Why Do We Get Bored of Things We Buy So Quickly?

Have you ever been so happy to buy something only to get bored of it in a matter of days after you purchased it? Or have you ever regretted purchasing the item afterwards? Believe it or not, we all experience it. Sometimes it takes us such a short period of time to emotionally consume and drain the items we have purchased. Whether it be a new dress, pair of shoes or a handbag, we just don’t want to use the item anymore – although we know very well that it is still brand-new – simply because we are bored of it.

How Has Out Attitude Towards Objects Changed?

By nature, humanbeings are fond of new things and excitement. The moment they run out of those things, they want to replace them with a new source of excitement. At first sight, this might seem like the reason why we get bored of things we have just purchased. However, once you go deeper, you get to see a host of other reasons.

First of all, we all know and accept that we live in a culture of utmost consumerism. Nowadays, the life of an object isn’t measured by its functionality but simply by the period of time “we are willing to use it”. We buy new things more frequently, we consume at a greater extent, and we produce more waste than ever. We have moved away from our “old” and trusted habits such as repairing and upcycling. So, in a world where the meanings imposed on objects have drastically changed and continues to do so, it shouldn’t come as a surprise that we get bored of things quickly. Had our approach to things been based on their functionality and usability, the lifespan of an object would not be limited to the limits of our excitement and boredom. It would not take us such a short period of time to “consume things emotionally”. These all suggest that we have some underlying motivations for buying stuff.

Why Do We Buy Stuff?

If we want to understand why we get bored of things we purchase, we must first understand why we buy them in the first place. It is important to understand what the feeling we are after is. Let’s say you bought this dress and you have got bored of it shortly after, you don’t want to where it anymore. Well then, what was the reason for you to buy it in the first place? What did that dress mean to you and what did you associate it with? Did you really need the dress or were you hoping to change certain things in yourself by purchasing the dress? You can ask yourself a host of questions to understand the true motivation behind purchasing the dress. If you saw a dress, fell in love with it, wore it a couple of times, and never touched it again, that means there is something else at play here. You did not particularly care about buying the dress. You cared about what that dress represents or what you think it represents. You were hoping to buy those values, the status and emotions that you thought came with the dress, but you were disappointed to open the package and find the dress and only the dress within it. And, all of a sudden, the dress fell short of your expectations.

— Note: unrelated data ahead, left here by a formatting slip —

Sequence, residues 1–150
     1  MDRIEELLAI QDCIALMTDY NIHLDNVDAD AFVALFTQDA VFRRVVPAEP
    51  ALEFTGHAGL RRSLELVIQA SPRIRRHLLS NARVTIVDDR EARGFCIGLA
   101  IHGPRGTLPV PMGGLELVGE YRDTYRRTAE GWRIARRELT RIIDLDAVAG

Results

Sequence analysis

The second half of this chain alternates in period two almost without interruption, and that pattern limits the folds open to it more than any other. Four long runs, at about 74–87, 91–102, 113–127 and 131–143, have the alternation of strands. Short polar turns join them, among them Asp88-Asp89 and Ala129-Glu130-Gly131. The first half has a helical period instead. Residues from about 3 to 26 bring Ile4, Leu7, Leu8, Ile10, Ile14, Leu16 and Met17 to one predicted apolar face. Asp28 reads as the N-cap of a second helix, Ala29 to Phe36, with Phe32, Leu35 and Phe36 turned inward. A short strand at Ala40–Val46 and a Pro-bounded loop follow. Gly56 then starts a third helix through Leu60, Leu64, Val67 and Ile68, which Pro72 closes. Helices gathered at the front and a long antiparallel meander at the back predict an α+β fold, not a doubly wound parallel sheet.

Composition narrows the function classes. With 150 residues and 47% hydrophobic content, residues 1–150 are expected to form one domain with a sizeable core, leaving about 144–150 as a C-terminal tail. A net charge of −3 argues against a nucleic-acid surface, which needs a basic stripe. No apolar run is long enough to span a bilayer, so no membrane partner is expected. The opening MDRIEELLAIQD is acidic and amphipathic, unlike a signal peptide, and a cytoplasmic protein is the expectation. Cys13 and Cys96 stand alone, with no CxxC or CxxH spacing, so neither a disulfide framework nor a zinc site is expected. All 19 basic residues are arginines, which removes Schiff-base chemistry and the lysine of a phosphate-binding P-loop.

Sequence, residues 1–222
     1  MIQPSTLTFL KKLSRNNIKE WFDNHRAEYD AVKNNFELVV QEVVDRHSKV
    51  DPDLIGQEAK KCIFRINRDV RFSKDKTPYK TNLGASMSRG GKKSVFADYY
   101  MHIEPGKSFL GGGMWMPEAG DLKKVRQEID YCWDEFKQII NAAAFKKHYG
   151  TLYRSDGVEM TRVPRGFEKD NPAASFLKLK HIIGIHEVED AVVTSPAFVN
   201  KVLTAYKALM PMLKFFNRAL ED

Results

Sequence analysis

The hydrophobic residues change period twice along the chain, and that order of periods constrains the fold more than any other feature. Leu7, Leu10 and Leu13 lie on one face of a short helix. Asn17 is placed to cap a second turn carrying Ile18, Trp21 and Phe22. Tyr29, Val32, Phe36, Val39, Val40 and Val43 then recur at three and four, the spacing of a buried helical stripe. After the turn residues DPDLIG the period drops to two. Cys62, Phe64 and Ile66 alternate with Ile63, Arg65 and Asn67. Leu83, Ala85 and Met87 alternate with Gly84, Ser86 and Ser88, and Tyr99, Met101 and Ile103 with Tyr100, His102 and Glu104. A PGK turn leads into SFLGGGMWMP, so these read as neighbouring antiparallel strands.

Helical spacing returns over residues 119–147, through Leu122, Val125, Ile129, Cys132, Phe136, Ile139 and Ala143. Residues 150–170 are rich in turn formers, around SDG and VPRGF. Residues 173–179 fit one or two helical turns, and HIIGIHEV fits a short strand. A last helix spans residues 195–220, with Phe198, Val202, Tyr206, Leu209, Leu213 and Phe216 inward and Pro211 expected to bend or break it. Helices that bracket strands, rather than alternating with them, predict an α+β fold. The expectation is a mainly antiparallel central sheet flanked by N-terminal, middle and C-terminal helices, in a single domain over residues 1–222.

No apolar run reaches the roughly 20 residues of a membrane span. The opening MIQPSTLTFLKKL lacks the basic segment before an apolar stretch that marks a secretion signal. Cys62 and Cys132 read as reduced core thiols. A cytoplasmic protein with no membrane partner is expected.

What makes us feel good about buying stuff is the instant gratification we get from it. When we buy something our reward systems get activated, we get a short-lived sense of gratification. When the life span of that instant gratification comes to an end, so does that of the thing you have purchased. You immediately want to buy something new so that you can get the same instant gratification and sense of satisfaction. It somewhat resembles addictive behaviour, it shortens the lifespan of the satisfaction we get from stuff, leaving us with the instant gratification.

Nowadays, it is almost impossible to see things for what they are. When the last month’s trend is nowhere near this month’s, where the shoes of last spring has no resemblance to those of this spring, you cannot put the blame on the customer alone. Most of the things we buy are designed to make us get bored of them quickly anyways. Amongst all that variety, when everything is within our reach, when we are constantly being encouraged to buy more with never-ending sales and promotions, how can we expect not to get bored of stuff within a matter of two weeks?

What is the Solution?

It is obvious that getting bored too quickly is no use to anyone. If your wardrobe is full of clothes you haven’t actually seen in months or years, if you’re house is filled with things you regret buying, then you need an intervention. But how? There is no easy or one-size-fits-all solution. However, asking yourself why you want to buy a certain thing, trying to understand your true needs and hidden expectations from stuff is a good way to start. If possible, avoid buying something the moment you see it. Wait for a while, for a few days of even weeks if possible, to see if you actually really want it or need it. This will help you with buyer’s remorse. It is also a good idea to review your habits of consumption. Don’t forget that everything you buy is potential waste, which has an impact on the environment. At the end of the day, you are not only harming your own pocket, but also the whole environment. 

 

 

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